China's developers extend global reach
Chinese buyers spent more on commercial real estate outside China than in their own country for the first time last year.
Sales for Greenland Group and China Vanke, China’s two largest property developers, have both risen sharply over the past year, and both have broken through the $35bn mark, with Greenland overtaking Vanke to become the country’s largest developer.
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According to figures released by property research institute China Index Academy, turnover at the state-owned Greenland Group rose 48% to $38bn, and sales at the listed residential developer China Vanke rose 23% to $35bn. Sales at the third place enterprise, Dalian Wanda, grew 74% to $24bn.
These performances were achieved despite the weak state of China’s residential market: prices in December fell 0.4% year on year, the first decline since housing data was made public in 2005. However, it has led to speculation that there will be some capital flight from the mainland to other areas of the world.
Zhang Hongwei, the research director of Shanghai-based property consultancy ToSpur, said in a research note: “Amid the lacklustre market in 2014, many property developers chose to reach their sales targets by lowering prices, so the high sales volume came at the cost of narrowed profit margins.”
The fall was also recorded despite the decision in October last year to relax mortgage lending rules.
There is evidence that the biggest developers are becoming a force in global property markets. Research by Jones Lang LaSalle (JLL) released on 26 January predicted that Chinese investors would spend a total of $20bn on foreign property, a rise of 21% on 2014, which itself was a 46% increase on 2013. Indeed, 2014 was the first time that Chinese buyers have spent more on commercial real estate outside of China than inside.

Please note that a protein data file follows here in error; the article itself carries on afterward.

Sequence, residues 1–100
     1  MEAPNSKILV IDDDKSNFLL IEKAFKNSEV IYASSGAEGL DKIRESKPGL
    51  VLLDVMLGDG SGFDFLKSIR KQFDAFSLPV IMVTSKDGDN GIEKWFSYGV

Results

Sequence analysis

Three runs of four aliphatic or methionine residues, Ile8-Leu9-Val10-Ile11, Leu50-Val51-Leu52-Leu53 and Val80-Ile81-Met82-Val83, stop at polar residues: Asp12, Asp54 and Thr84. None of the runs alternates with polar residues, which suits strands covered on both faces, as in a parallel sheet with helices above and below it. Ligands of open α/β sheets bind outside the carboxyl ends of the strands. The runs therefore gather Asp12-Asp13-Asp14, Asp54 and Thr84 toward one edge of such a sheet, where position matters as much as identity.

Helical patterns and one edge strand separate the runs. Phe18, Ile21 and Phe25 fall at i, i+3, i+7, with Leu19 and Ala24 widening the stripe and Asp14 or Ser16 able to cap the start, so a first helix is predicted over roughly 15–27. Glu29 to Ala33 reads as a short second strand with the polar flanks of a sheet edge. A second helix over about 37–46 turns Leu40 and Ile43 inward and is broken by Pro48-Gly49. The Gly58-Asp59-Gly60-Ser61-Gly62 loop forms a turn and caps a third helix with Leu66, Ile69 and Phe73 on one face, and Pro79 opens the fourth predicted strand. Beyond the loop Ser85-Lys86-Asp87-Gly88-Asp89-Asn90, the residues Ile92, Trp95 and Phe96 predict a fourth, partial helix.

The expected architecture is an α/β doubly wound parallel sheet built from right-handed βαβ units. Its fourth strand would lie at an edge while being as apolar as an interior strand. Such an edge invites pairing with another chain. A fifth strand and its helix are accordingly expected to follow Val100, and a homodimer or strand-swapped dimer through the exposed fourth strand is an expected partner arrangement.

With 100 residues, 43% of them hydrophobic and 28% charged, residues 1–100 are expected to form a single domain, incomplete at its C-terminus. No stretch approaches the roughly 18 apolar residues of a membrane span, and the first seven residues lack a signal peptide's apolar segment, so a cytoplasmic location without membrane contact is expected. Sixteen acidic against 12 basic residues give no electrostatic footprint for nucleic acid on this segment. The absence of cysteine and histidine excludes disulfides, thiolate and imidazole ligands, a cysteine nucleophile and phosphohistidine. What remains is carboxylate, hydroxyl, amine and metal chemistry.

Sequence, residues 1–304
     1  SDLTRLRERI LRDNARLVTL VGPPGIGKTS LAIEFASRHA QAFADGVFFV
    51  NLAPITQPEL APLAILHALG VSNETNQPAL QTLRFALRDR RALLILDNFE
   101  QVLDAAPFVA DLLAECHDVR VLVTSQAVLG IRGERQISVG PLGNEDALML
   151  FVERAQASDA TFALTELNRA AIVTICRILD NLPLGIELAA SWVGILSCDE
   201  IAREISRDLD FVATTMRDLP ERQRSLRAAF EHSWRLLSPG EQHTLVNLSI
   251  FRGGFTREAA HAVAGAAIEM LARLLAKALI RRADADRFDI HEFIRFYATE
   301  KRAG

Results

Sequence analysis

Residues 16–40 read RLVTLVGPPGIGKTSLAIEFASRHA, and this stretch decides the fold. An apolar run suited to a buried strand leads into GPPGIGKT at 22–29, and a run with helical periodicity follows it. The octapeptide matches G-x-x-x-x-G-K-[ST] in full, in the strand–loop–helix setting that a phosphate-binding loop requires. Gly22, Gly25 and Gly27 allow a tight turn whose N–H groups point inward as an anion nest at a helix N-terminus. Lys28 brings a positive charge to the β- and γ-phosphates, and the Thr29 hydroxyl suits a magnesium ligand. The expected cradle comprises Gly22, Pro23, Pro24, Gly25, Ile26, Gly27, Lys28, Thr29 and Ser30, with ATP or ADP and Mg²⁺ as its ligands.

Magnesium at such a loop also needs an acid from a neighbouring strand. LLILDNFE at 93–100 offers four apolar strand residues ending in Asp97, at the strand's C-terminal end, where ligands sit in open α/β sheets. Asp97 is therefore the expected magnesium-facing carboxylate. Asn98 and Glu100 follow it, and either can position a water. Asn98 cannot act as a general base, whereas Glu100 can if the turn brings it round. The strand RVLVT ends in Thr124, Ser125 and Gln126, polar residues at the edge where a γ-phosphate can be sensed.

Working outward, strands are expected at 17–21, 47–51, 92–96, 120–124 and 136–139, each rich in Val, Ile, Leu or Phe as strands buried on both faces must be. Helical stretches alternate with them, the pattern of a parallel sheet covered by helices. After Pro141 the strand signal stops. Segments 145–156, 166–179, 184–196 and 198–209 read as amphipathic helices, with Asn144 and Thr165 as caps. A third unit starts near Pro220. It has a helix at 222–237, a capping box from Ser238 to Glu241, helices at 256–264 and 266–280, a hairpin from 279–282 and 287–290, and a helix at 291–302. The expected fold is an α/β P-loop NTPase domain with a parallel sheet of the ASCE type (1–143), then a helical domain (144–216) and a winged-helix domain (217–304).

According to JLL, Europe topped the list of favourite investment destinations last year, attracting over $5.5bn. However, Australia emerged as a fast growing market, with more than $3bn flowing into the country, and Sydney becoming the second biggest recipient of Chinese money after London; $2.5bn was allocated to the Americas.
Darren Xia, head of JLL’s International Capital Group, China said: “Chinese real estate investors used 2014 to internationalise their portfolios. At a time when residential prices dampened the market, diversification in international markets allows Chinese investors to continue to grow sustainably and ensure long-term returns. Notably, activity once again focused on the major cities of the world, which Chinese investors now know well, such as London, Sydney, and the major US metropolitans of New York, San Francisco, Los Angeles and Chicago.”
Read the rest of the article at GCR